The short answer is Yes…for some. Here is the long version. You know the expression “all real estate is local”? The same principle applies to hotel points redemptions. Sure, the sky may be falling for those who only want to stay in popular cities like New York and San Francisco. But if you are flexible on destinations and like to go off-the-beaten-path, why would you care?
This post was prompted by yet another blow in hotel points world, a.k.a the latest IHG “adjustment.” While on the surface, the category shift may not appear terrible, I assure you, it is. I’m very much an IHG gal and have been tracking changes over the last few years.
My conclusion? If you want to stay in popular IHG properties during peak season, it will not only be expensive on points, but you will have a tough time finding availability. That’s problematic for normal families who have to adjust vacations to school schedule. This, plus the fact that I need to save cash, made me decide to skip the latest IHG Accelerate promo.
Is IHG now a hopeless case?
No way, Jose! It can be terrific for visiting relatives or for local no-frills getaways. Let me give you some examples. Few times per year, my mother-in-law visits her sister in North Florida. The only decent hotel in town is Holiday Inn Express. The cost is 20,000 points per night. My MIL has IHG co-branded credit card, so with rebate it’s actually 18,000 points.
While not a bargain per se, the cash rate is rarely less than $120 (all-in). So, even buying points for 0.57 cents apiece during numerous IHG sales can make sense. Of course, if you accumulate them for less via Accelerate promo, you’ll do even better. In fact, I would probably go for it, except my sister-in-law bought IHG points a while back without consulting me. At the moment she has about 140K points. She told me she would cover my MIL’s stay if needed. Sounds good to me.
Here is another example. Few months ago I wrote about a short local getaway with my husband. We stayed at Holiday Inn Express and Suites Lake Placid At 10,000 points per night, this place was a steal, and we even got mediocre breakfast!
Plus, I got 1,000 points rebate and 500 Amenity points for having Platinum status, so the true cost was actually 8,500 IHG points. Sweet. The cash rate is usually above $100 per night. So, when I wanted to treat my friend and her husband to a short one-night getaway, this place immediately came to mind.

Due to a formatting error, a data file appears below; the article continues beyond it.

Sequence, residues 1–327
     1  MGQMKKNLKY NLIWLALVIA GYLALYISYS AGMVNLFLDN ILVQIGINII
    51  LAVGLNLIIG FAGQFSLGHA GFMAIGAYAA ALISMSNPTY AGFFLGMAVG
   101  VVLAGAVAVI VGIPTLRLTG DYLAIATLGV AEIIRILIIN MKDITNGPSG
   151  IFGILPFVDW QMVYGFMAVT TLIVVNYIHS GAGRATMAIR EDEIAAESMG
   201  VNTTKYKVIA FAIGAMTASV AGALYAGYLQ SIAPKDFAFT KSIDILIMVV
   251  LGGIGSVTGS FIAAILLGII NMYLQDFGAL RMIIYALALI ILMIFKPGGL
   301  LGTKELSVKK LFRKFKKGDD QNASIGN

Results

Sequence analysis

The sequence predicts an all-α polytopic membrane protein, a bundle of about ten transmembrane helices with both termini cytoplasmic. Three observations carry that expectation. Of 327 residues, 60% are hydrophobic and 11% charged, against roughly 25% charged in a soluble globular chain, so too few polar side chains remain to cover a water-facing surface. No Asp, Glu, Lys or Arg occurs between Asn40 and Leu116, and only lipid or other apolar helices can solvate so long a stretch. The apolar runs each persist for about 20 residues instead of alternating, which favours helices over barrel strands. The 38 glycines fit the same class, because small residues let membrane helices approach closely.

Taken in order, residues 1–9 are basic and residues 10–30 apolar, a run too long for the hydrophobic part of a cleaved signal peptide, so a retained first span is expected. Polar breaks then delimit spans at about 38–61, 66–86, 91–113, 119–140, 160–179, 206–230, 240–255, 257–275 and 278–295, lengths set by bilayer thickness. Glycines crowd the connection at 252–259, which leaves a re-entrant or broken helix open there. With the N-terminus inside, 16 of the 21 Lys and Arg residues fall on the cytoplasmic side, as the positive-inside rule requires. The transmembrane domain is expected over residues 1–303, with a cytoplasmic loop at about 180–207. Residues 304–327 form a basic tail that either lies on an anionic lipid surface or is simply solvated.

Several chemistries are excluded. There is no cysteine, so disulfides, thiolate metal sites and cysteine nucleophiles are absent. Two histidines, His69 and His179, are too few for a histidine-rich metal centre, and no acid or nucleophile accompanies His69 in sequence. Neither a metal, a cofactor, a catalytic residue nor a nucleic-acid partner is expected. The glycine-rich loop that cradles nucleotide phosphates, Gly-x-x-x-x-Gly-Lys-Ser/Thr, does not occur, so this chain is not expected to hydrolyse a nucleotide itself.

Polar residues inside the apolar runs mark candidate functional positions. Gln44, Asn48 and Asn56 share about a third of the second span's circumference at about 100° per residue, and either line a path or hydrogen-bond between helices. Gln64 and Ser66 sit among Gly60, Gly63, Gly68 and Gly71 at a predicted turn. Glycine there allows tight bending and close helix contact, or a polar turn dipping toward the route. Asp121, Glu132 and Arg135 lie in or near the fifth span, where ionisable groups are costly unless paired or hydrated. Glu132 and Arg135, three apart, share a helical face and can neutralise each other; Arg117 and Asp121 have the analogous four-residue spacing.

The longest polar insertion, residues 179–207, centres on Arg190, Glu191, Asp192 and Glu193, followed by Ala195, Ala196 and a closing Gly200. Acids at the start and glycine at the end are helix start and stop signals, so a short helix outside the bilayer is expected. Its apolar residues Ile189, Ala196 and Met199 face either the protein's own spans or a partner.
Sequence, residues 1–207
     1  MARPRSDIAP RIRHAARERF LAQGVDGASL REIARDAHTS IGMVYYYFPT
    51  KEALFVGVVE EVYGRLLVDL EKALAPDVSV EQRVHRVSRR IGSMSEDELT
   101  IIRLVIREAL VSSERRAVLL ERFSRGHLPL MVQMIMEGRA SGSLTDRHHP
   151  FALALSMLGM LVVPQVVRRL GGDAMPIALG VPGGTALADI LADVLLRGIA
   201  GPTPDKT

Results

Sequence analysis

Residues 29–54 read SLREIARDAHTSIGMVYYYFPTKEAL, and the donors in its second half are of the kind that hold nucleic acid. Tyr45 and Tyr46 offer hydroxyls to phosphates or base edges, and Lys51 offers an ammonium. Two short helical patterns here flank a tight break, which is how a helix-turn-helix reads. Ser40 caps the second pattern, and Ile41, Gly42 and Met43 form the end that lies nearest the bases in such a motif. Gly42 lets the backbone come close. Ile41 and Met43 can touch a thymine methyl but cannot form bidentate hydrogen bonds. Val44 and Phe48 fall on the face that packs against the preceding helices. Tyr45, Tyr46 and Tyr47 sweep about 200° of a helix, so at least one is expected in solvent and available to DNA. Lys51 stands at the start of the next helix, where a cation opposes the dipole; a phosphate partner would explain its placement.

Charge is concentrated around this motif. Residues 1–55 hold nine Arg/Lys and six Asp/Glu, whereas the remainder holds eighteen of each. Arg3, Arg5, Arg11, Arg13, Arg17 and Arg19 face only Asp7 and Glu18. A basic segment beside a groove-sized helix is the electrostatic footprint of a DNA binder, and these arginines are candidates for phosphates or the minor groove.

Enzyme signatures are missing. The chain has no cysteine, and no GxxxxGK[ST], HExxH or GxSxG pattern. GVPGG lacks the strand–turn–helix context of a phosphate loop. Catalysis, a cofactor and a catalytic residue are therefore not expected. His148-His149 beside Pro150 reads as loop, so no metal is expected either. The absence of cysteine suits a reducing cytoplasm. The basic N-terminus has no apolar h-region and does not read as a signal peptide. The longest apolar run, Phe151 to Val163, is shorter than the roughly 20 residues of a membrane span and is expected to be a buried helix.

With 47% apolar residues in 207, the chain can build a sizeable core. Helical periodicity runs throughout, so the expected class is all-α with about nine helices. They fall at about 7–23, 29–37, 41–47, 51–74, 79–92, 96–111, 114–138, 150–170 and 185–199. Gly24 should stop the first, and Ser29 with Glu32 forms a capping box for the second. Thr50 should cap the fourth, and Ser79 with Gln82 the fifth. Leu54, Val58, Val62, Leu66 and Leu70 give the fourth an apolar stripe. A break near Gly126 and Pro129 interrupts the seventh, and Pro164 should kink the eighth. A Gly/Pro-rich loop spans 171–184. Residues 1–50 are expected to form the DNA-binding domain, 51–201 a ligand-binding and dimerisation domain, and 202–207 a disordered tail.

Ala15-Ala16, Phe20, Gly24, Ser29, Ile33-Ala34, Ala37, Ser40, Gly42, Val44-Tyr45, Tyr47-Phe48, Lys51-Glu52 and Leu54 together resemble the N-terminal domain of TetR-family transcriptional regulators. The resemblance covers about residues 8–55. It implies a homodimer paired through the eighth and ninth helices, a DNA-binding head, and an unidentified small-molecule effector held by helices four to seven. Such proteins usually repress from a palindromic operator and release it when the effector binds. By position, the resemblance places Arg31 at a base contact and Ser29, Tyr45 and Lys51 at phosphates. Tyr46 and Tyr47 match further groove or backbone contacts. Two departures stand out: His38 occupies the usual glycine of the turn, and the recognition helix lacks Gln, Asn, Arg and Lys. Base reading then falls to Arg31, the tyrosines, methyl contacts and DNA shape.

She has been taking my daughter to her house on a weekly basis, and they have been doing crafts and baking cookies together. Basically, all the stuff I loathe. So, I wanted to repay her for her kindness. They loved it! My husband was a bit confused as to why they would text him a photo of themselves chilling in a hot tub. This hotel now costs 15,000 points per nights, but it’s still a pretty good deal.
So, my point is, you should investigate various IHG options and see if they will work with your existing plans. It may be worth it to participate in Accelerate promo, depending on what offer you have in your account. Of course, the biggest bargain of IHG is their PointBreaks program where certain properties cost only 5,000 points per night.
Obviously, you can’t predict in advance what hotels will end up on the list or if the program will even be available in the future. But I do think it’s prudent to have some IHG points on-hand at all times. It doesn’t have to be a huge amount, but around 30,000 points sounds reasonable. That stash will cover 6 PointBreaks nights or 2 nights at a category 2 property. And there are lots of those by the highway or near an airport somewhere. You can use tools like HotelHustle, Awardmapper or Pointimize to check the cost in points at your specific destination.
So, leverage IHG for its strengths: terrific footprint and abundance of low-category hotels in small towns. If you need to stay in a beachfront hotel or plan to visit a popular city, you may need to look elsewhere. It doesn’t mean it’s not worth it to redeem points under those circumstances, but you probably won’t be getting outsized value.
Let’s say you were able to accumulate IHG points for around 0.35 cents apiece and want to redeem them at Holiday Inn Sarasota Lido Beach, a place I really like. It now costs 40,000 points per night. If you redeem your stash here, your cost will be $140 all-in (if you don’t have IHG credit card).
That’s actually not terrible during high season when rates hover around $300, but it’s not exactly a bargain either. And if you have a family, sharing a cramped room isn’t ideal. But for a short getaway, it could make sense. So, once again, you will have to do the math and decide whether the juice is worth the squeeze. It’s all about the cost at which you’ll end up acquiring your IHG points.
You may also want to read my post The Age-Old Question: Hotel Points or Vacation Rentals for Family Vacation?
Some other programs you may want to consider
I’ve put this list together with the idea of stretching hotel points in order to maximize value. As I’ve said earlier, which program will work for you will ultimately depend on your goals. See my list of best hotel bonuses. With that, you may want to investigate these options: